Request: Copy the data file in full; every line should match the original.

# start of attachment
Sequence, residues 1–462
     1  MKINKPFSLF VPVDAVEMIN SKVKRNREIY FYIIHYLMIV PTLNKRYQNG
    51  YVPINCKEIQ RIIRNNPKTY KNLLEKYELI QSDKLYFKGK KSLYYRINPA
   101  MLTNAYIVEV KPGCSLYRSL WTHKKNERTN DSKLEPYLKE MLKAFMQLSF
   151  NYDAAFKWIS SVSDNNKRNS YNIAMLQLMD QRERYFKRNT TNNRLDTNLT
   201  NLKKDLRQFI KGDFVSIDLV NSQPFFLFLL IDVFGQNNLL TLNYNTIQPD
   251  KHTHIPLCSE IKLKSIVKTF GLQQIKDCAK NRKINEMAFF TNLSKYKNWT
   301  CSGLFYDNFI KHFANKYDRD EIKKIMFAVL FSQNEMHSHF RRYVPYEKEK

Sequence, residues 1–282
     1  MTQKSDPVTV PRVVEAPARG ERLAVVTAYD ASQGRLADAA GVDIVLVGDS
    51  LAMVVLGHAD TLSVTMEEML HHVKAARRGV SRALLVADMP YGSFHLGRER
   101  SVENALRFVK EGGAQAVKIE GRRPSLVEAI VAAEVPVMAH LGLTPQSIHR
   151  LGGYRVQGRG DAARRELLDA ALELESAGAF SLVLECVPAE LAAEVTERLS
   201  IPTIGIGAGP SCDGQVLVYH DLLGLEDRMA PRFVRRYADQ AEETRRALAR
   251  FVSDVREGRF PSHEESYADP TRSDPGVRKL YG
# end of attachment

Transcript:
Sequence, residues 1–462
     1  MKINKPFSLF VPVDAVEMIN SKVKRNREIY FYIIHYLMIV PTLNKRYQNG
    51  YVPINCKEIQ RIIRNNPKTY KNLLEKYELI QSDKLYFKGK KSLYYRINPA
   101  MLTNAYIVEV KPGCSLYRSL WTHKKNERTN DSKLEPYLKE MLKAFMQLSF
   151  NYDAAFKWIS SVSDNNKRNS YNIAMLQLMD QRERYFKRNT TNNRLDTNLT
   201  NLKKDLRQFI KGDFVSIDLV NSQPFFLFLL IDVFGQNNLL TLNYNTIQPD
   251  KHTHIPLCSE IKLKSIVKTF GLQQIKDCAK NRKINEMAFF TNLSKYKNWT
   301  CSGLFYDNFI KHFANKYDRD EIKKIMFAVL FSQNEMHSHF RRYVPYEKEK

Sequence, residues 1–282
     1  MTQKSDPVTV PRVVEAPARG ERLAVVTAYD ASQGRLADAA GVDIVLVGDS
    51  LAMVVLGHAD TLSVTMEEML HHVKAARRGV SRALLVADMP YGSFHLGRER
   101  SVENALRFVK EGGAQAVKIE GRRPSLVEAI VAAEVPVMAH LGLTPQSIHR
   151  LGGYRVQGRG DAARRELLDA ALELESAGAF SLVLECVPAE LAAEVTERLS
   201  IPTIGIGAGP SCDGQVLVYH DLLGLEDRMA PRFVRRYADQ AEETRRALAR
   251  FVSDVREGRF PSHEESYADP TRSDPGVRKL YG